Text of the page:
The advantages of detecting a covalently closed circular molecule after subjecting the target to non-hybridizing conditions rather than detecting a conventional labelled straight chain probe under hybridizing conditions are several-fold. Firstly, the ligation reaction provides prominent specificity of detection, using single, synthetic probe molecules in total genomic DNA as terminally mismatched probes are poor substrates for ligases. Secondly, the probes circle around or catenate with the target sequences and become covalently linked to the target sequence, thereby becoming substantially insensitive to denaturants. Further, the ends of the detecting reagent become unavailable to exonuclease digestion, aiding in or replacing washes. Thirdly, the simultaneous presence of two terminal probe sequences on one molecule confers kinetic advantages in the hybridization step. Finally, allelic sequence variants can be distinguished by the ligase.
The detecting reagent may, for example, be a 5′-hosphorylated oligonucleotide. As already mentioned above, it is, however, sufficient for the purposes of the present invention that only the actual probe segments consist of nucleotides or optionally functionally analogous structures, such as PNA (peptide nucleic acid), whereas, as already mentioned above, the intermediate segment may wholly or partially have another chemical composition, such as, for example, include residues selected from peptides or proteins, carbohydrates or other natural or synthetic polymers. Such an intermediate structure of non-nucleotide nature may even be preferred with regard to stability and ease of introducing labels or tags, and also since a non-nucleotide intermediate structure will not exhibit a secondary structure or cause mishybridization.
When used, the stabilizer sequence should preferably have the same length as the sum of the probes, such as 40 or 50 nucleotides. The illustrated curved segments in FIG. 1 would then require, say, of the order of 3 nucleotides.
The combined lengths of the probe sequences should preferably be such that the strands will leave the double helix on the same face 10 or a multiple of 10 bases apart, 10 bases representing approximately one turn of the DNA double helix.
The detecting reagent may be a free molecule or may be immobilized to a support.
The target nucleic acid molecule, which may be DNA or RNA and which contains the specific sequence to be detected, should have a sufficient length to ensure that it can form a double helix, which is required for the circularized probe to interlock or catenate with the target molecule. The target molecule may be a free molecule, but when the detecting reagent is a free molecule, the target molecule is preferably immobilized to a support. When both the probe and the target molecule are free molecules, probe circularization and catenation with the target molecule may, for example, be detected by electrophoretic separation or by other techniques known per se in the art for detecting the formation of the stable complex. In the hybridization, the target molecule is preferably provided in single-stranded form.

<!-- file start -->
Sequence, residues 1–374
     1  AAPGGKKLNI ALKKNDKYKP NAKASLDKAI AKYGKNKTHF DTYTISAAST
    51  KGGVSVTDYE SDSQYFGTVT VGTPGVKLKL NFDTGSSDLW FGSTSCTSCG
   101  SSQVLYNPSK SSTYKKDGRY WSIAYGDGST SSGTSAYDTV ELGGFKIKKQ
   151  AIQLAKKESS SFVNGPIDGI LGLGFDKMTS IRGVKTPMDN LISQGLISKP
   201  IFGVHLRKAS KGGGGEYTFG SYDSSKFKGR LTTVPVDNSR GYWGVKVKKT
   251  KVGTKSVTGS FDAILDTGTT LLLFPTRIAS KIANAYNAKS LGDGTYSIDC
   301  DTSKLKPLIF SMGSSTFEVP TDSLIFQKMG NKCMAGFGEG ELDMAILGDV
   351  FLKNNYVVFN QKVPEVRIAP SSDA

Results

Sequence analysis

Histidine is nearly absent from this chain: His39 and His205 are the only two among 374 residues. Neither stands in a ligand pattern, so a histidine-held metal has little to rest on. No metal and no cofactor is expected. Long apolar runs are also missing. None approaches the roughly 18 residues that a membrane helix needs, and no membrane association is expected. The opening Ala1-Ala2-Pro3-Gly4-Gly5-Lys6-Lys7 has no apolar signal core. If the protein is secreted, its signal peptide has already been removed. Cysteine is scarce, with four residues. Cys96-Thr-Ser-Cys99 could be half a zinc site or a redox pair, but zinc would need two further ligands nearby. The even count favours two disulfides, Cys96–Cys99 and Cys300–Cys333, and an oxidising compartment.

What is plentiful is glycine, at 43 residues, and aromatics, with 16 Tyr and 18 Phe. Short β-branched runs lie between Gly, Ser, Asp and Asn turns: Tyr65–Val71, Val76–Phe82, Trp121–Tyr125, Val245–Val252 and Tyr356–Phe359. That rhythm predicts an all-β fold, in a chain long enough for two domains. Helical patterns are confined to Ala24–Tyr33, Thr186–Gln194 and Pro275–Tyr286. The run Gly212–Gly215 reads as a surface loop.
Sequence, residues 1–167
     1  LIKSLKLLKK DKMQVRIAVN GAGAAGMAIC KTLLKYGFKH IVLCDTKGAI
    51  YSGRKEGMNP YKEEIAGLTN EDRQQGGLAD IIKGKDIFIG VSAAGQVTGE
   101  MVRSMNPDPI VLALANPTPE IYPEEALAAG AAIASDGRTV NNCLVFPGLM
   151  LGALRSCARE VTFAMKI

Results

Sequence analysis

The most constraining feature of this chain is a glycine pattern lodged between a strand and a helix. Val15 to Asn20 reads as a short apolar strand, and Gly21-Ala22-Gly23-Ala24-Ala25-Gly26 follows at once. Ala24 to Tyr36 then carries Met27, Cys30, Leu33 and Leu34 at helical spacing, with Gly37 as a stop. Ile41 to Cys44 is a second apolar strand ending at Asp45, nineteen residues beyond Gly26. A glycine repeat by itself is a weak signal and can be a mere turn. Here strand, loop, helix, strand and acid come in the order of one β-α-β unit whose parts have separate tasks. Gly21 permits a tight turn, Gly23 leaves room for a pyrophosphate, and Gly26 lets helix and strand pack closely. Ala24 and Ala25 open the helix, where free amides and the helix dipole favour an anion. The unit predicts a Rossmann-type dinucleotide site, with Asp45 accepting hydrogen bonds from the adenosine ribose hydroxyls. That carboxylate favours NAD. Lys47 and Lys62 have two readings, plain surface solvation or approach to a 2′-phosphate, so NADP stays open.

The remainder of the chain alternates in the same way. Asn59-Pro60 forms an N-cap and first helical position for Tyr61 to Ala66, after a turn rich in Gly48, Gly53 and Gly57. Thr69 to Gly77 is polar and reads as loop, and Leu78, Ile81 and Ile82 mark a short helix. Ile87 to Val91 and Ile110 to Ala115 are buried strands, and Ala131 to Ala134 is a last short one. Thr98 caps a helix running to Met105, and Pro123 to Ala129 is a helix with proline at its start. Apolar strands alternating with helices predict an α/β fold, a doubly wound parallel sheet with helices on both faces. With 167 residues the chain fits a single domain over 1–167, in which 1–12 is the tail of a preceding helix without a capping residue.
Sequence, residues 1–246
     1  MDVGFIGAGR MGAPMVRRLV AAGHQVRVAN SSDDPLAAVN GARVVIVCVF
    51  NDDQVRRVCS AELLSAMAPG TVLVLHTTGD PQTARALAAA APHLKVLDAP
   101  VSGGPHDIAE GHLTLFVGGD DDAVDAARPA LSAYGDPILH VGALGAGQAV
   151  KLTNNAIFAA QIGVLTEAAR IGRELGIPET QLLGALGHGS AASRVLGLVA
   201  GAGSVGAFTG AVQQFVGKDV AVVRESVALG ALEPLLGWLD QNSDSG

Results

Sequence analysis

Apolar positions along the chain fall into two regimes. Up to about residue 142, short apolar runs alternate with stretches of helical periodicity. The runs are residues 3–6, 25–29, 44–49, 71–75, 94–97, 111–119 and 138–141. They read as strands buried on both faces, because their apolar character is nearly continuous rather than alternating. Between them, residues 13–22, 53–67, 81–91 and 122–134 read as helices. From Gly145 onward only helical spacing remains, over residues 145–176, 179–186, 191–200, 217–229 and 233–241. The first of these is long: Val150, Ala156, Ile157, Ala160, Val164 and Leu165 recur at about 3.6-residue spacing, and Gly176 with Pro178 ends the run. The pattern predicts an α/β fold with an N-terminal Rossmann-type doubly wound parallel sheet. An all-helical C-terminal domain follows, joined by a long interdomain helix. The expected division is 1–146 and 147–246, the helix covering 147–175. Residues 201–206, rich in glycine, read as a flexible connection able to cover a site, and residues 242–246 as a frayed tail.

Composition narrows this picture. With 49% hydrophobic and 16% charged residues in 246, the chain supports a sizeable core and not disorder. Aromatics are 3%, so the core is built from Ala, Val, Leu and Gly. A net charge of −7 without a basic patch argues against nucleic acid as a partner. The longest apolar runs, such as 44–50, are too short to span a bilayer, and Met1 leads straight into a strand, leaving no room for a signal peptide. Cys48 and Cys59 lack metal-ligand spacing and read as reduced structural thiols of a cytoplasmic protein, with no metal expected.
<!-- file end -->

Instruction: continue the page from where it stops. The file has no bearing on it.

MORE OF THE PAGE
FIGS. 3 and 4 show two specific examples of “detection cassettes” comprising a detecting reagent of the invention. In FIG. 3 the detecting reagent is a stabilized 92-mer (SEQ ID NO:4) to be cyclized together with an intermediate 17-mer (SEQ ID NO:5) (as in FIG. 1), whereas in FIG. 4 the detecting reagent is a 70-mer (SEQ ID NO:7)to be cyclized end to end with itself.
The labels or tags may, for example, be those conventionally used in the art, such as fluorophores, dyes, enzymes, luminescers, radiolabels or affinity groups. When the probes contain branched positions, the detectable groups may advantageously be bound to branches protruding from the cyclized probes. In the case of nucleic acid branches, such branches will permit template-dependent, highly specific and covalent addition of the detectable groups to the cyclized molecules.
Use of the detecting reagent and method of the invention permits the detection of target sequences in situ in tissue sections or in cytological preparations as well as in metaphase or interphase chromosomes. Due to the high specificity, large numbers of target sequences may be analyzed in parallel, preserving spatial information and with a potential to distinguish among allelic sequence variants. The method of the invention will therefore be useful for diagnostic screening at the level of chromosomes or chromatin fibres. Increased signal may be obtained by secondary ligation of detectable molecules to the linker segment of bound probes.